A network of disused railway tunnels at Sydney’s St James Station would become bars, restaurants and retail space under a plan announced by the NSW Government.
The blueprint would see the dusty, damp tunnels — which were built under the CBD in the 1920s — become a trendy new tourist attraction for the Harbour City.
They are part of a never-realised transport vision in Sydney, which would have seen a train link to the northern beaches.
That plan was abandoned during the great depression.
During World War II, the 6,000 square metres of underground space was designated as air raid shelters, but never used.
“Spaces like St James tunnel are rare. Around the world, hidden spaces are being converted into unique experiences and we want St James Station to be part of that,” said NSW Transport Minister Andrew Constance.
“We want the world’s best to come up with the best ideas.
“This is an exciting opportunity for interested parties to stamp their mark on a location that is part of Sydney’s heritage and the heritage of our transport system.”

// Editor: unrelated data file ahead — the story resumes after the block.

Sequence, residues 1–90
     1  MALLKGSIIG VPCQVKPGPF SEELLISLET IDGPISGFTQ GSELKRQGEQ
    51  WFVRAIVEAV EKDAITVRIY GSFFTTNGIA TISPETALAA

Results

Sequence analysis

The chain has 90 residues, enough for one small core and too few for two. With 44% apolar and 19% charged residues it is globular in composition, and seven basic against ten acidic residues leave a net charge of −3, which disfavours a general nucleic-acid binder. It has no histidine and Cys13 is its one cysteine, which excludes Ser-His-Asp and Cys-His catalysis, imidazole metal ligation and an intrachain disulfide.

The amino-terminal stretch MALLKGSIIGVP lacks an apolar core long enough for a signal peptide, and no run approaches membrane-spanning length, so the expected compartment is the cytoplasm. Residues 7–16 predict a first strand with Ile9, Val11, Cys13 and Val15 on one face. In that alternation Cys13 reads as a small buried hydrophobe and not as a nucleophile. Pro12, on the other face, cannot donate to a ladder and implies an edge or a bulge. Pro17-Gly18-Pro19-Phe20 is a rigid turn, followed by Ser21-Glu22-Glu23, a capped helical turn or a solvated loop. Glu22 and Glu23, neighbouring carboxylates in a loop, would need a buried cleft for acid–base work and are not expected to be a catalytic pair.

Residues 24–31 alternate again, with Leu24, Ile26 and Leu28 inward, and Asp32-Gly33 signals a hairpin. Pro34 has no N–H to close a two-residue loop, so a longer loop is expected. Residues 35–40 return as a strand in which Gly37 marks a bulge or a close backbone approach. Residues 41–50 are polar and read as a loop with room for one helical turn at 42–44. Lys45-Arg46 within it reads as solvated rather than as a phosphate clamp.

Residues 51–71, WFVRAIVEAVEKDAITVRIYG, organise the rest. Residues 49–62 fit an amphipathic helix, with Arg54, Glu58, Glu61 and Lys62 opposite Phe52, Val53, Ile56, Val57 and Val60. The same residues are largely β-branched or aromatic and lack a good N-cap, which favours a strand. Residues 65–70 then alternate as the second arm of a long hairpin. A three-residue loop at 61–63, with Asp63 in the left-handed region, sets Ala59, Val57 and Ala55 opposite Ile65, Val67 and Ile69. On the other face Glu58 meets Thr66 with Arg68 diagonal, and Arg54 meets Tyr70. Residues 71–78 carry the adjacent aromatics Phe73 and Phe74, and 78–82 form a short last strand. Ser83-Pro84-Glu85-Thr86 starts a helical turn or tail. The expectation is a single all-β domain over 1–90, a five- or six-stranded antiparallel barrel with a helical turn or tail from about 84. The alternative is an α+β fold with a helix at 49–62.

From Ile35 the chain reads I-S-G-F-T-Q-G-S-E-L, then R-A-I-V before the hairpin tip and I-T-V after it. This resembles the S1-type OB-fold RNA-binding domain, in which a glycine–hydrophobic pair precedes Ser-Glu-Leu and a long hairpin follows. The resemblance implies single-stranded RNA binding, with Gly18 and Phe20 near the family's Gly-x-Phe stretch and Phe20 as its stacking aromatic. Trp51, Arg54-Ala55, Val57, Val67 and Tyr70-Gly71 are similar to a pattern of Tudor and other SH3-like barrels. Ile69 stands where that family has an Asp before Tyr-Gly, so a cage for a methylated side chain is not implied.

The tunnels stretch beneath Hyde Park and past the Cahill Expressway entrance off Macquarie Street.
This is not the first time the tunnels have been the centre of attention in Sydney.
In 2007 the Iemma Government wanted to use them as a storage facility that could provide recycled water to CBD buildings, but that never eventuated.
Expressions of interest to carry out this new plan are now open and being managed by Sydney Trains with the assistance of CBRE, an international real estate agent.
“The sky is the limit,” said head of retail leasing for CBRE Leif Olsen.
“We are going to put it out through our global network, throughout the US and throughout Europe and Asia and see what comes.”
The NSW Government wants a proposal for the tunnel makeover to be finalised in 12 months.